Dennis D. McDonald (ddmcd@outlook.com) is an independent consultant located in Alexandria Virginia. His services and capabilities are described here. Application areas include project, program, and data management; market assessment, digital strategy, and program planning; change and content management; social media; and, technology adoption. Follow him on Google+. He also publishes on CTOvision.com and aNewDomain.

IBM’s “Building a New IP Marketplace” Report Promotes Openness in Patent Related Business Processes

By Dennis D. McDonald

Reading IBM’s Building a New IP Marketplace report, based on a wiki developed by several dozen international patent and technology experts during the Spring of 2006, helps explain why IBM recently announced it will be going public with its patent filings.

According to the report, the worldwide patent system is broken. The report defines the intellectual property (IP) problem this way:

Patents have become an important currency and a principal means to establish value for creators and users of knowledge-based assets. A fully functioning IP marketplace infrastructure has yet to emerge, however, placing an undue burden on patent systems. This void creates uncertainty that leads to a number of problems including increased litigation and speculative behaviors that inhibit the innovation patent systems were designed to protect. Because of such problems, there is an increasing concern that the IP marketplace system may not meet its economic and societal objectives: stimulating innovation-based competition; facilitating spill-over and expansion of knowledge-based ideas and creative expressions of ideas; rewarding inventiveness and creativity throughout the economic system and enabling sustainable development of firms and industries.

The report follows this with a series of comments and recommendations related to the following areas:

  • Patent Quality
  • Transparency
  • Integrity
  • Valuation
  • Flexibility

According to the report the key to improving the quality of patents while reducing the negative impacts of frivolous lawsuits or lawsuits initiated for purely business reasons is openness:

  • openness in the patent review process itself
  • openness in the manner in which patents are bought and sold
  • openness about the nature of the patents themselves and their owners

For anyone who has been tracking the progress of the Peer to Patent project, much in the report will be familiar. The essence of the Peer to Patent project and its coming experiment at the US Patent & Trademark Office is to open up the “front end” of the patent review process – research for examples of “prior art” -- to more public scrutiny. The IBM report extends this concept to other areas of patent review and use, even to the point of suggesting, in the Valuation section of the report, the establishment of processes for setting, assessing, and taxing patents, based on examples provided by the financial industry:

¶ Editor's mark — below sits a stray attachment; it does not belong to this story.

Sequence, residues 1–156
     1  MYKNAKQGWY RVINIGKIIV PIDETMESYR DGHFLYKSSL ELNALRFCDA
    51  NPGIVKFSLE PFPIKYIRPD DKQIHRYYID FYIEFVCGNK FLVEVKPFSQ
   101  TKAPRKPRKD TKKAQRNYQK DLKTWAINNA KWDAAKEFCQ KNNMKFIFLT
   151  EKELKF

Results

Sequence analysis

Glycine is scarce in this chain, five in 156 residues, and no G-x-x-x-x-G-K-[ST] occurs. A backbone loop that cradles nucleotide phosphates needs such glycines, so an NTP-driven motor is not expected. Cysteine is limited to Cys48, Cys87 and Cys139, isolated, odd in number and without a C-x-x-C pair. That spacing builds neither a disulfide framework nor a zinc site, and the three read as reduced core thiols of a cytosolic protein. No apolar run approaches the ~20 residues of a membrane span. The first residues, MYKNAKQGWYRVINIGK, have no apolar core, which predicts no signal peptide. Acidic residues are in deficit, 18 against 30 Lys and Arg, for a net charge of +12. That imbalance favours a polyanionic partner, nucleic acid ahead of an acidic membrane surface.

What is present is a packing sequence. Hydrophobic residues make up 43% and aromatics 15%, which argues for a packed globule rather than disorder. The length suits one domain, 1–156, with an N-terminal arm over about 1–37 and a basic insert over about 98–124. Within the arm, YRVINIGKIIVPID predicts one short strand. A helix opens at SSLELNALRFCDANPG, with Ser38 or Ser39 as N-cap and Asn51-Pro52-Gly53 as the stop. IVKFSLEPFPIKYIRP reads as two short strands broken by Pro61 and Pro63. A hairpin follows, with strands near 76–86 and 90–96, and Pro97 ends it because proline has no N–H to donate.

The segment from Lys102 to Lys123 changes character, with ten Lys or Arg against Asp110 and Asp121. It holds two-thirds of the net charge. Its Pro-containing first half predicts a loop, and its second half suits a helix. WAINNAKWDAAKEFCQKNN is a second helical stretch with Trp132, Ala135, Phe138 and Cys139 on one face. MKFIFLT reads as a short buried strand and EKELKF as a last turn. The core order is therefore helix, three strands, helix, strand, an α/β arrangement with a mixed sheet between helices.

Valuation: Actions

  1. Establish new tools, indices and metrics to provide an infrastructure for valuing IP assets.
  2. Explore the possibility of “Market Enforced Self Assessment,” in combination with the establishment of a Patent Property Tax.
  3. Use the valuation mechanism as an input to current maintenance fees.

The rationale for valuation and taxing patents – other than assisting in the payment for the administration of the patent system itself – is not discussed in any detail in the report, but the concept is intriguing. Creating a financial valuation and payment infrastructure around patents would certainly force more openness in the availability for information about patents and how they might be used.

On the other hand, such a system might replace the current problems associated with expensive litigation with problems associated with creation of a new class of expensive specialists who know how to “play” new financial instruments and systems surrounding patents, at the expense of the “little guy.”

The report also points out the need for better compatibility among the various patent administration systems in use around the world now. I can’t argue with that, but that does bring up a topic that is not really addressed in this report, which is whether or not individual governments would view greater compatibility and transparency as working to their own nationalistic advantage.

It’s one thing for multinational corporations to argue for measure that would tend to benefit them by simplifying, standardizing, and de-politicizing processes. Will individual governments necessarily view such improvements in the same way if a concern arises that national economic interests might be threatened?

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